Here it is in words, with a little rounding to simplify:
In 1990, global emissions were about 40 GtCO2eq/year, split equally between developed and developing countries. Due to population disparities, developed emissions per capita were 3.5 times bigger than developing at that point.
The Danish text sets a global target of 50% of 1990 emissions in 2050, which means that the global target is 20 GtCO2eq/year. It also sets a target of 80% (or more) below 1990 for the developed countries, which means their target is 4 GtCO2eq/year. That leaves 16 GtCO2eq/year for the developing world.
According to the “confidential analysis of the text by developing countries” cited in the Guardian, developed countries are emitting 2.7 tonsCO2eq/person/year in 2050, while developing countries emit about half as much: 1.4 tonsCO2eq/person/year. For the developed countries, that’s in line with what I calculate using C-ROADS data and projections. For the developing countries, to get 16 gigatons per year emissions at 1.4 tons per cap, you need 11 billion people emitting. That’s an addition of 6 billion people between 2005 and 2050, implying a growth rate above recent history and way above UN projections.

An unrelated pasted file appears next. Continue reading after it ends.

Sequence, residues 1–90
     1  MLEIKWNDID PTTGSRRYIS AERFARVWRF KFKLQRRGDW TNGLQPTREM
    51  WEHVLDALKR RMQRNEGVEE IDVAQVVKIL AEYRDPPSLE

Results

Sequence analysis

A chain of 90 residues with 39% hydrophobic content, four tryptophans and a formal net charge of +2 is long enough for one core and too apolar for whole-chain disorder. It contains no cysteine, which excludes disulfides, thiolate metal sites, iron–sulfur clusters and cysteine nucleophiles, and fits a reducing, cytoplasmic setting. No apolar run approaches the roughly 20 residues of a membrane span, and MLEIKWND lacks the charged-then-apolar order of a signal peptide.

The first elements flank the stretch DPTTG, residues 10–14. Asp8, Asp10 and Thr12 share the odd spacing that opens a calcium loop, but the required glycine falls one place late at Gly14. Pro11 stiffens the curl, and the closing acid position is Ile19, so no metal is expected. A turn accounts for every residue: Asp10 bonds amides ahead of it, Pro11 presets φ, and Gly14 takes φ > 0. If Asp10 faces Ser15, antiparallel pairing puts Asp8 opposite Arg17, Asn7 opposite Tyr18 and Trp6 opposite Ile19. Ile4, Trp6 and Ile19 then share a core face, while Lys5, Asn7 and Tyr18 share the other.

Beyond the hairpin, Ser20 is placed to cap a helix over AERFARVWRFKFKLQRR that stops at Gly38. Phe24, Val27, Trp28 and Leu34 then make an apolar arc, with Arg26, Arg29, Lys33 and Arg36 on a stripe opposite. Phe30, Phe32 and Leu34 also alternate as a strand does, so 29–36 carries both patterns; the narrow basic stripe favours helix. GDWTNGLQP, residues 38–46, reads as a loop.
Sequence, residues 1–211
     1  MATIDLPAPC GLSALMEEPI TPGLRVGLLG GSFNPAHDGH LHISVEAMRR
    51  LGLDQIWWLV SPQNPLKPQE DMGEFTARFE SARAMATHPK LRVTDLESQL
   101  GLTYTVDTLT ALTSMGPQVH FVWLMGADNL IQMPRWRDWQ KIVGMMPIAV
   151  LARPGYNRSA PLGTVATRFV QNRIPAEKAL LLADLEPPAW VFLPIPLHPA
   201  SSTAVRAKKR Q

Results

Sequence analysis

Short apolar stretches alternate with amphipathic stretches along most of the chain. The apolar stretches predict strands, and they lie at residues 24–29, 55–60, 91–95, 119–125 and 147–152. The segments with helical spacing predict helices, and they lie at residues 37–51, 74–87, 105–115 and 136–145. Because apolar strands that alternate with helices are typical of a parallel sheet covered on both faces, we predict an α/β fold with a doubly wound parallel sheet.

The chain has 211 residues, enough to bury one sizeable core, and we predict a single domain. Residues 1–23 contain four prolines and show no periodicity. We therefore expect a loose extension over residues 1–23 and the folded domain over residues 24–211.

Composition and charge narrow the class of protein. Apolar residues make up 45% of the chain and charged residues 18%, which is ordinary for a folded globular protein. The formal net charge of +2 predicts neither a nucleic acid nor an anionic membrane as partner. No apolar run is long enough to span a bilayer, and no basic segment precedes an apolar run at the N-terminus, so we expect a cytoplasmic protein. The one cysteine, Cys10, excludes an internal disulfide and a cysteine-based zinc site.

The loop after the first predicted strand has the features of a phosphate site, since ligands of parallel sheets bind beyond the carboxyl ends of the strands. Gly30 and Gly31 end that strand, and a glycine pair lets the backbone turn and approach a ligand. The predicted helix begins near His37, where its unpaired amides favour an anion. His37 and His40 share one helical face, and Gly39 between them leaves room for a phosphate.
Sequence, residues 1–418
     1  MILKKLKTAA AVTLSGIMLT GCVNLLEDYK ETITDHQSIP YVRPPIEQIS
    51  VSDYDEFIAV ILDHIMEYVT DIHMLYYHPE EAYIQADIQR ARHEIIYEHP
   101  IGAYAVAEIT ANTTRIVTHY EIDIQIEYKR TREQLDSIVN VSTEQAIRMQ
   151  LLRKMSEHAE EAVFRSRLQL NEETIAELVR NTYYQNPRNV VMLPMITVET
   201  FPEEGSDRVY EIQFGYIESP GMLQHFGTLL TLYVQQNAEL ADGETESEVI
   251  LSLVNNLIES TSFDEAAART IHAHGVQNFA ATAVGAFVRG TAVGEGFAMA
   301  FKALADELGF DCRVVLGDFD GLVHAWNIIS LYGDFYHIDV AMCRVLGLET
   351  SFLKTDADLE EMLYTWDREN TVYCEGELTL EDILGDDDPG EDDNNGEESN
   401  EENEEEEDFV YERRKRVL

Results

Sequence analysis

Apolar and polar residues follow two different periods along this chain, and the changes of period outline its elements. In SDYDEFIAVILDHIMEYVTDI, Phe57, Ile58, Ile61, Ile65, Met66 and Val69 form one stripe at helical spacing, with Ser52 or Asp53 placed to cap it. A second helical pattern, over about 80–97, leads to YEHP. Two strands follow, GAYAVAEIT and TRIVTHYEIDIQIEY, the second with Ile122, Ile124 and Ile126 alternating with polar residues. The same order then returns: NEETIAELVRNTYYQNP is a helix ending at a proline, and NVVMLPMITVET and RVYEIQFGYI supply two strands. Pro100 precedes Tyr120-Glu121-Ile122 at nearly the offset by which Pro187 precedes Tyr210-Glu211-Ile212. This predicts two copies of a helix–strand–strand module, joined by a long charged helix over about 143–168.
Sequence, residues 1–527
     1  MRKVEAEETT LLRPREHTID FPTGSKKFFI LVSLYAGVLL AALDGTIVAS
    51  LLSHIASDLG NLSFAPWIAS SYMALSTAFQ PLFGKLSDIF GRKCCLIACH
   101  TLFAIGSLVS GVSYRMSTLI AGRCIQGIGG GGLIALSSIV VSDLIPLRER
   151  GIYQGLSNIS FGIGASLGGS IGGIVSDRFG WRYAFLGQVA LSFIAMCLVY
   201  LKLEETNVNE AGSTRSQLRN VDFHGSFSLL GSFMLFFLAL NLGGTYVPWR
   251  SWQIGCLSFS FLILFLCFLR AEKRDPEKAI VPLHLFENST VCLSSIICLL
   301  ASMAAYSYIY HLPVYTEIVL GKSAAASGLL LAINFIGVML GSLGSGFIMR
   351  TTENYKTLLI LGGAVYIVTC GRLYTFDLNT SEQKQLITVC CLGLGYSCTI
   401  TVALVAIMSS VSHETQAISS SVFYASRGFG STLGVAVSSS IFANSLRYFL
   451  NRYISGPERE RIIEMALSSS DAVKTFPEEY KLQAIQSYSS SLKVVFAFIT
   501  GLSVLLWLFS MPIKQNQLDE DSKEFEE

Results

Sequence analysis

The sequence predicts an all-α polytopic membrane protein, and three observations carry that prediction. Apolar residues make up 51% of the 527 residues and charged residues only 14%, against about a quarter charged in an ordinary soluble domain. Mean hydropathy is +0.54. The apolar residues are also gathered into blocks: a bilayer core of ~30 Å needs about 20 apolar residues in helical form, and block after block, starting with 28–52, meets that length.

If you redo the analysis with a more plausible population forecast, per capita emissions convergence is nearly achieved, with developing country emissions per capita within about 25% of developed.
Note log scale to emphasize proportional differences.